We were able to assign a seasonality classification to most of the fire scars we dated (91%). Although we used a classification system with six possible categories, the fire scars for which we could assign a season fell into only two categories: dormant (n = 38, 88%) or early earlywood (n = 5, 12%) (Fig. 4), using the system described by Rother et al. (2018). We did not observe any notable changes in seasonality through time.
To our knowledge, our study is the first refereed tree-ring-based fire history using longleaf pine in the piedmont region of the eastern US and is one of only a few published tree-ring-based fire-history studies of longleaf pine throughout its distribution (Stambaugh et al. 2011; White and Harley 2016; Klaus 2019; Rother et al. 2020). We used novel methods of sampling (Huffman 2006; Huffman and Rother 2017) to target both internal and external fire scars and discovered ample evidence of historical fire activity in the eighteenth and nineteenth centuries. Given that most old-growth longleaf pine in the Piedmont was cleared by the early twentieth century (Spooner et al. 2021), our small but informative study provides a rare glimpse into historical fire activity in an important but now scarce ecological setting.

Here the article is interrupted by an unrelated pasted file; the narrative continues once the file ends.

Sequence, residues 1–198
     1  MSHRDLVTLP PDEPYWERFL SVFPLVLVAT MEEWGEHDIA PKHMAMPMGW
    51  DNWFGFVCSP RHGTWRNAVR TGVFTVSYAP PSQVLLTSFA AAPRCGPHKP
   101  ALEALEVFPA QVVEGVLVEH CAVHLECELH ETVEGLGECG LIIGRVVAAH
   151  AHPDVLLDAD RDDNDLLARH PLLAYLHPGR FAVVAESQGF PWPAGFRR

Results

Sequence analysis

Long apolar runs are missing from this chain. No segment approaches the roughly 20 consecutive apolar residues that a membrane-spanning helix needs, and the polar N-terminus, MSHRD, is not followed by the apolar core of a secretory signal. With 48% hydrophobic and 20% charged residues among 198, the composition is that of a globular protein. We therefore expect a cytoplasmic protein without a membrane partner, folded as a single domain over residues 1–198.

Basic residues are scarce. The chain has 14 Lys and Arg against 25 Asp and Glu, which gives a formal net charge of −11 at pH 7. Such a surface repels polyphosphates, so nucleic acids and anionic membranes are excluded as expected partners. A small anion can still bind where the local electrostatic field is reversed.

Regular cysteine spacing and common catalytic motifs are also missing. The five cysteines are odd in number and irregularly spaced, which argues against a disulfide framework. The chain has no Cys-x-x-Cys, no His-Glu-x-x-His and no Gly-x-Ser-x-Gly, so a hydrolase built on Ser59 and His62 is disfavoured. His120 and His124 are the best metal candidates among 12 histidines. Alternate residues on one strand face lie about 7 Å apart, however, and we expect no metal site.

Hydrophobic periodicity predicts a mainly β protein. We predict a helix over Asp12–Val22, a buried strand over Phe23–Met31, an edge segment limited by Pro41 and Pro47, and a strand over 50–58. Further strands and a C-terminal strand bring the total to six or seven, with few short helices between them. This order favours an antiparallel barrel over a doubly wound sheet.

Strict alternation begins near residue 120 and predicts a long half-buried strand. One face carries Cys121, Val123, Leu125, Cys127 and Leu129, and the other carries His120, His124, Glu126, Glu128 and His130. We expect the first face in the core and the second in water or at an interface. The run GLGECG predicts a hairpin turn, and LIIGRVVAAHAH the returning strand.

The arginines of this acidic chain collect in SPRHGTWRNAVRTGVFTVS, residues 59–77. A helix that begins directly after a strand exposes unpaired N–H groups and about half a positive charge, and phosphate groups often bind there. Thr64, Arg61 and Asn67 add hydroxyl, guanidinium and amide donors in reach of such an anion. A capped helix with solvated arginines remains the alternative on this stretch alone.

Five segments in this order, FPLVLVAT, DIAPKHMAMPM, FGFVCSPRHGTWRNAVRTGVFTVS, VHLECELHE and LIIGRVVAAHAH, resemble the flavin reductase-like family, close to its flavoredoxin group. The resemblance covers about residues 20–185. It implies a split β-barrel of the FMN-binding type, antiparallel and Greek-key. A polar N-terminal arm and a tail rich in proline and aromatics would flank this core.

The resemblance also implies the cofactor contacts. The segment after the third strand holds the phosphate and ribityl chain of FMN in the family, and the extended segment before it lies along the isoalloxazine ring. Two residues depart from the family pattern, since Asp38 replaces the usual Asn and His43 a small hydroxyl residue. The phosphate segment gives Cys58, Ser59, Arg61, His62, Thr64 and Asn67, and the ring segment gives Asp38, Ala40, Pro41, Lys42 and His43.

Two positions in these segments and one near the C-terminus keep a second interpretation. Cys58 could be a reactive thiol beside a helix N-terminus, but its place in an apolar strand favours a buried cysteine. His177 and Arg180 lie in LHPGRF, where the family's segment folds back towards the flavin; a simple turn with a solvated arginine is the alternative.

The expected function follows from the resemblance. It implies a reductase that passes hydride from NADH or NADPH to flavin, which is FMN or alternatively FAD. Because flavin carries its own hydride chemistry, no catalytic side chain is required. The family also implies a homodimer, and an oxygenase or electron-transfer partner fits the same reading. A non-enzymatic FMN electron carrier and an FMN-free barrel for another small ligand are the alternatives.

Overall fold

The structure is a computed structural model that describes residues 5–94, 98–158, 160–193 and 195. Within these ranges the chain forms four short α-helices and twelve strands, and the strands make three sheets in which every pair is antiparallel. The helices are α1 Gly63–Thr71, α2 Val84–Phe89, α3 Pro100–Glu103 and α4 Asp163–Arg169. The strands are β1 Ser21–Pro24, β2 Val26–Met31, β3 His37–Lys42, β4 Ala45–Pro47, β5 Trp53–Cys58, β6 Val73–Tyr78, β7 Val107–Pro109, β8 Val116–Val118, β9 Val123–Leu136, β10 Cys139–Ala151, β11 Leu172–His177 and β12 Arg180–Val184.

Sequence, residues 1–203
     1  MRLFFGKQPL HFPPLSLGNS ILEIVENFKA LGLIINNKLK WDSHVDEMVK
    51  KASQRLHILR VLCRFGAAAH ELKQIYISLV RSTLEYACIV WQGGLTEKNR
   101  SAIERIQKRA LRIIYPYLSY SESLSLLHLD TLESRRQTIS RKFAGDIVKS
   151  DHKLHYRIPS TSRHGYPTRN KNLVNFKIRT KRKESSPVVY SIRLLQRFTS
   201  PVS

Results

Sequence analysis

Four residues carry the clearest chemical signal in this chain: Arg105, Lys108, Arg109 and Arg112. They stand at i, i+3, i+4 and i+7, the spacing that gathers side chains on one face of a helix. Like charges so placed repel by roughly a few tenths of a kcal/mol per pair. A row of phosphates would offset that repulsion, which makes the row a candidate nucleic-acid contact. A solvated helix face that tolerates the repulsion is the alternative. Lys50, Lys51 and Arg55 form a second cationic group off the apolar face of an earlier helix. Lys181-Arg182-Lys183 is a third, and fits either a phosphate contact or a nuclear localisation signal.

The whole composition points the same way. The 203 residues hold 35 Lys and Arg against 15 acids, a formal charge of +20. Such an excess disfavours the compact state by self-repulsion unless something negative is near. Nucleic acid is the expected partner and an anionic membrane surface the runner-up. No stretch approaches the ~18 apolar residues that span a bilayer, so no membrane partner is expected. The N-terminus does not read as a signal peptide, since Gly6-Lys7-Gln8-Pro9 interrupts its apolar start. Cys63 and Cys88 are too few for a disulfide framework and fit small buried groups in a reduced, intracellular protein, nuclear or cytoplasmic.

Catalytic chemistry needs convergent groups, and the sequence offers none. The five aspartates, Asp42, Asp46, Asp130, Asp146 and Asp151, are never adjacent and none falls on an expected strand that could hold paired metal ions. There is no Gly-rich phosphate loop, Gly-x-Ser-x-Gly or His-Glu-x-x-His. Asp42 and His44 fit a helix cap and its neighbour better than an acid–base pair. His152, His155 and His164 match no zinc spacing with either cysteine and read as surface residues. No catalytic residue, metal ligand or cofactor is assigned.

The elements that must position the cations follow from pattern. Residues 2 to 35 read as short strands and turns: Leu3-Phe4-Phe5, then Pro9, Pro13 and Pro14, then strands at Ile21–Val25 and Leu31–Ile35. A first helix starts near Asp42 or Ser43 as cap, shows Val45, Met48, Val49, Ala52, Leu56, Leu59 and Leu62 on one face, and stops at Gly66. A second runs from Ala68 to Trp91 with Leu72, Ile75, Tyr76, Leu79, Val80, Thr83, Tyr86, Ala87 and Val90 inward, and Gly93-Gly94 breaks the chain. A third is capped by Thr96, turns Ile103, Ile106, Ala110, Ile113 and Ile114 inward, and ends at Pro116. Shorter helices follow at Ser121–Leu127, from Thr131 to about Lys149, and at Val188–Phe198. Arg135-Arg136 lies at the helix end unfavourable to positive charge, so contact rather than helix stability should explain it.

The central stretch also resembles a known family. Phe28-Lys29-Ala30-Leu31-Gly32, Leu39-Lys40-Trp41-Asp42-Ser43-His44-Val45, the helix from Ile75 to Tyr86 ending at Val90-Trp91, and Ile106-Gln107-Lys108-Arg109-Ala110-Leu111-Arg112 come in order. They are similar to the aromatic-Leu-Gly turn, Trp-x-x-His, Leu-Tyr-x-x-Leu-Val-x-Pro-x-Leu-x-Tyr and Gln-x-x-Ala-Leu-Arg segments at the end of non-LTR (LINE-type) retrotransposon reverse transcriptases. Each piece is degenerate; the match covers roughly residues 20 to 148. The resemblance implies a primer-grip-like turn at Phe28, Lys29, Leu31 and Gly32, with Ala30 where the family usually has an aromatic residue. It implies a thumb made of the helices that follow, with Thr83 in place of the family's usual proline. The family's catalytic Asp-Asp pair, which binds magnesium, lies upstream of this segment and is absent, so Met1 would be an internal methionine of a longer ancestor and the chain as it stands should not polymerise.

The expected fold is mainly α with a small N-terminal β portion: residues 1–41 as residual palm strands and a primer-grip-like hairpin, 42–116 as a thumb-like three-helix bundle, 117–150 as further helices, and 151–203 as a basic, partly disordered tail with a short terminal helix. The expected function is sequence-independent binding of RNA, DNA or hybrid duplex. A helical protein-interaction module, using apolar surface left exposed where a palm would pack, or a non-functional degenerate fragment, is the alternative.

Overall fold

Our findings of frequent low-severity fire (on average, every c. 3–4 years) in a piedmont longleaf site are consistent with studies that used other lines of evidence (e.g., climate, topography, etc.) to estimate historical fire frequency (Frost 1998; Guyette et al. 2012). The fire scars we dated were assigned exclusively to the dormant and early earlywood positions. The complete absence of fire scars in other positions strongly suggests that either all or most of these fires were human ignited. Although local or regional cambial phenology data are needed to confidently associate a given fire-scar position with a certain time of year, existing data from Florida indicates that dormant and early earlywood scars correspond with winter and early spring fires (Rother et al. 2018) which is before the natural lightning fire season begins in late spring (Fill et al. 2012; Platt et al. 2015; Noss 2018; Spooner et al. 2021).